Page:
This analogy falls apart because it's conflating legal nationality or blood ethnicity with men changing their sex to women. Men can't be 'part woman' or have a connection to womanhood the same way someone can be connected to a country or ethnicity in multiple ways.

[–][deleted] 3 insightful - 1 fun3 insightful - 0 fun4 insightful - 1 fun -  (1 child)

That was awesome. Thank you.

I have Cherokee blood in me, although the Scottish and Irish genes painted on my ghostly canvas.By law, I have the percentage needed--more than 1/16th to declare myself Cherokee in the Eastern Band.

Do I? No.

I am genetically, by law, able to do this and I do not.

If I told someone I was Cherokee they would probably laugh their asses off. I was not raised in their culture. I was not raised with any Cherokee traditions. I do not wear any clothing that could be used as a symbol of Cherokee. I do not visit their lands, or take part in their festivals. It is not that I am not a fan I just am not a part of that, because, I am not!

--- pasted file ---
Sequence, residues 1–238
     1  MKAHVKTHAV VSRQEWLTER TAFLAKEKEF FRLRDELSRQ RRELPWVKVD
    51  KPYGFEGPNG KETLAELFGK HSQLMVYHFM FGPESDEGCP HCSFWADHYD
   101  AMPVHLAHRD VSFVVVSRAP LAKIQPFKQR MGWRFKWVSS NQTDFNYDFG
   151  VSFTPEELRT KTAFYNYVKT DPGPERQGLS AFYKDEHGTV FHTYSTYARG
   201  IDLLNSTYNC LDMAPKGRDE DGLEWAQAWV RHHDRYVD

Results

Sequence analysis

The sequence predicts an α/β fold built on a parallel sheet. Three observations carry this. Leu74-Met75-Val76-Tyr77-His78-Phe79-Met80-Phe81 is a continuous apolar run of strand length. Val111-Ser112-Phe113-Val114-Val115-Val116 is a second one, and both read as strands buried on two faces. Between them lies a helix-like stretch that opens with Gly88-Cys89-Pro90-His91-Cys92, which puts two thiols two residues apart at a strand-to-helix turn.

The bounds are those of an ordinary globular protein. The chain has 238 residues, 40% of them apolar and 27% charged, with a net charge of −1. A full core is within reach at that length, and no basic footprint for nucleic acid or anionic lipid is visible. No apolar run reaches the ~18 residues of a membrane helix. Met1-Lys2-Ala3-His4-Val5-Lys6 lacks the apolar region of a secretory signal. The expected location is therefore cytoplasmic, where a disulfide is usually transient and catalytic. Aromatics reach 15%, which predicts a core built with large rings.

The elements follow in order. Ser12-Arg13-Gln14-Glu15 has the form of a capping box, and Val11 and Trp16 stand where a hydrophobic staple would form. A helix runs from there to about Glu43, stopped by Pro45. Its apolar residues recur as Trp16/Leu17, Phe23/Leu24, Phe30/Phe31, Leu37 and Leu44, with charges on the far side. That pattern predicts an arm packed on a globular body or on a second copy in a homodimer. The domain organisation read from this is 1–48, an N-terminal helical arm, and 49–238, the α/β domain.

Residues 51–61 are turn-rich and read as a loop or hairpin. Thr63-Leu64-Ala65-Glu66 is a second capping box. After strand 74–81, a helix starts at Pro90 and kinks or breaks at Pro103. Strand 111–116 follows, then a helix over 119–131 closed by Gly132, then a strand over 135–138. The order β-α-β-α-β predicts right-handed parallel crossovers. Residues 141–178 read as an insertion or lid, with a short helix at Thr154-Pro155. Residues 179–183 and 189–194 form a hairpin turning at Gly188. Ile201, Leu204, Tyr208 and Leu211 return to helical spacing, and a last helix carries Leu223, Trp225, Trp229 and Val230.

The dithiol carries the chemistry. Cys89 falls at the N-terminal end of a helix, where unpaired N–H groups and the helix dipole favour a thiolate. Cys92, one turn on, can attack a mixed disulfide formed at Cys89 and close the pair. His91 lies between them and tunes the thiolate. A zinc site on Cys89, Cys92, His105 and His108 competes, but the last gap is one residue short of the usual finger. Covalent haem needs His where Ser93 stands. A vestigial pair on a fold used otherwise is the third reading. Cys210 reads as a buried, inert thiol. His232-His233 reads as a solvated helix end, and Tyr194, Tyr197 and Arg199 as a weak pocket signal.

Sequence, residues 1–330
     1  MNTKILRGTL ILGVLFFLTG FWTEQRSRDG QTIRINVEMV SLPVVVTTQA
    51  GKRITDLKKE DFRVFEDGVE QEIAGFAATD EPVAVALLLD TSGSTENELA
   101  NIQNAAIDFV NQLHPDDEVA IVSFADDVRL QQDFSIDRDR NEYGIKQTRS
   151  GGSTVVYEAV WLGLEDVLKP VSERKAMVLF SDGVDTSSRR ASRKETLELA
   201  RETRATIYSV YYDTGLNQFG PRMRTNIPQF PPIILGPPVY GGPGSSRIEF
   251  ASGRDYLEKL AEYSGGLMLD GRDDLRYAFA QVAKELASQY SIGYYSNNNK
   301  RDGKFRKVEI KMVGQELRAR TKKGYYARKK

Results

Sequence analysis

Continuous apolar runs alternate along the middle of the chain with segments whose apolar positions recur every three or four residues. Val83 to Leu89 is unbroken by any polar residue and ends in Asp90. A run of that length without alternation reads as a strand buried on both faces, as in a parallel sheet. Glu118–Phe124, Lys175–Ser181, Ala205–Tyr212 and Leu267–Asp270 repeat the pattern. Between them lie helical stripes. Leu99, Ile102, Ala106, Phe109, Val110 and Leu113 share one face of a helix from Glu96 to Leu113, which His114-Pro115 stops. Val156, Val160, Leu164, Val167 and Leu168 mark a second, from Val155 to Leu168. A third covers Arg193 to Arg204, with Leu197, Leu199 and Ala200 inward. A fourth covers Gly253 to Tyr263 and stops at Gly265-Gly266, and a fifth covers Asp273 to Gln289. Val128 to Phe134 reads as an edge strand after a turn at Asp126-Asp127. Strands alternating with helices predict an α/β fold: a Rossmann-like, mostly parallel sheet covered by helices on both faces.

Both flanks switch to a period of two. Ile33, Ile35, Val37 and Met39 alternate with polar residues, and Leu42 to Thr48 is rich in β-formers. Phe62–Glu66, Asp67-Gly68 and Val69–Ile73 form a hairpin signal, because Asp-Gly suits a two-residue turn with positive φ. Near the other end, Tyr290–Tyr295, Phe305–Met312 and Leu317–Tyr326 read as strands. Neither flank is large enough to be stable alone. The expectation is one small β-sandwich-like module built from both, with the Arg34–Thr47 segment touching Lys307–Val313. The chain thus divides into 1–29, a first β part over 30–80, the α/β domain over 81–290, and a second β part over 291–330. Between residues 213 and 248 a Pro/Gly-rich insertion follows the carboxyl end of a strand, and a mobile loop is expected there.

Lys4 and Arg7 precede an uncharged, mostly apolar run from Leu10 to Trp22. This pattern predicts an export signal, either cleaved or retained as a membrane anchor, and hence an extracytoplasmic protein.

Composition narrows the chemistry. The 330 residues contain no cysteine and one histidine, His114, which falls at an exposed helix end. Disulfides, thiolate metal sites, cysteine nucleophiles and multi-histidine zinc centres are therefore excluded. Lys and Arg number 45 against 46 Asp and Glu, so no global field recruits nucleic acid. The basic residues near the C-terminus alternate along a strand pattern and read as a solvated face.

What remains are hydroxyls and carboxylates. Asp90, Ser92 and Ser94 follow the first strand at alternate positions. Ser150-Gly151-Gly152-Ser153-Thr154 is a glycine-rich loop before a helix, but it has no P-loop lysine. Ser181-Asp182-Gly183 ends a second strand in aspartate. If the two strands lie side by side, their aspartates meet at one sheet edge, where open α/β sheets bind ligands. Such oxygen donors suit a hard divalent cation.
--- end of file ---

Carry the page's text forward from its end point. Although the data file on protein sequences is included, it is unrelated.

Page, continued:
SO then I think about males larping as women because "Hooked on a Feeling!" and I am just floored.

[–]Marsupial 2 insightful - 1 fun2 insightful - 0 fun3 insightful - 1 fun -  (2 children)

How about we don't conflate the gender issue with something that's actually feasible, ie an American becoming French by becoming a French citizen? This is not an apt comparison and the rethoric tends to border right-wing arguments. This comparison sounds like an attempt to muddy the discourse. Changing citizenship or moving countries are not the same thing as attempting to change your sex.

[–]SameOldBS 2 insightful - 1 fun2 insightful - 0 fun3 insightful - 1 fun -  (0 children)

Absolutely brilliant!

[–]brink 2 insightful - 1 fun2 insightful - 0 fun3 insightful - 1 fun -  (0 children)

So well put. Thank you for writing this.

[–]sallyseton 2 insightful - 1 fun2 insightful - 0 fun3 insightful - 1 fun -  (0 children)

Sauvage! Tres bien

[–]levoyageur718293 1 insightful - 1 fun1 insightful - 0 fun2 insightful - 1 fun -  (0 children)

Ehh, nobody said anything when I did this same thing but for St. Lucia...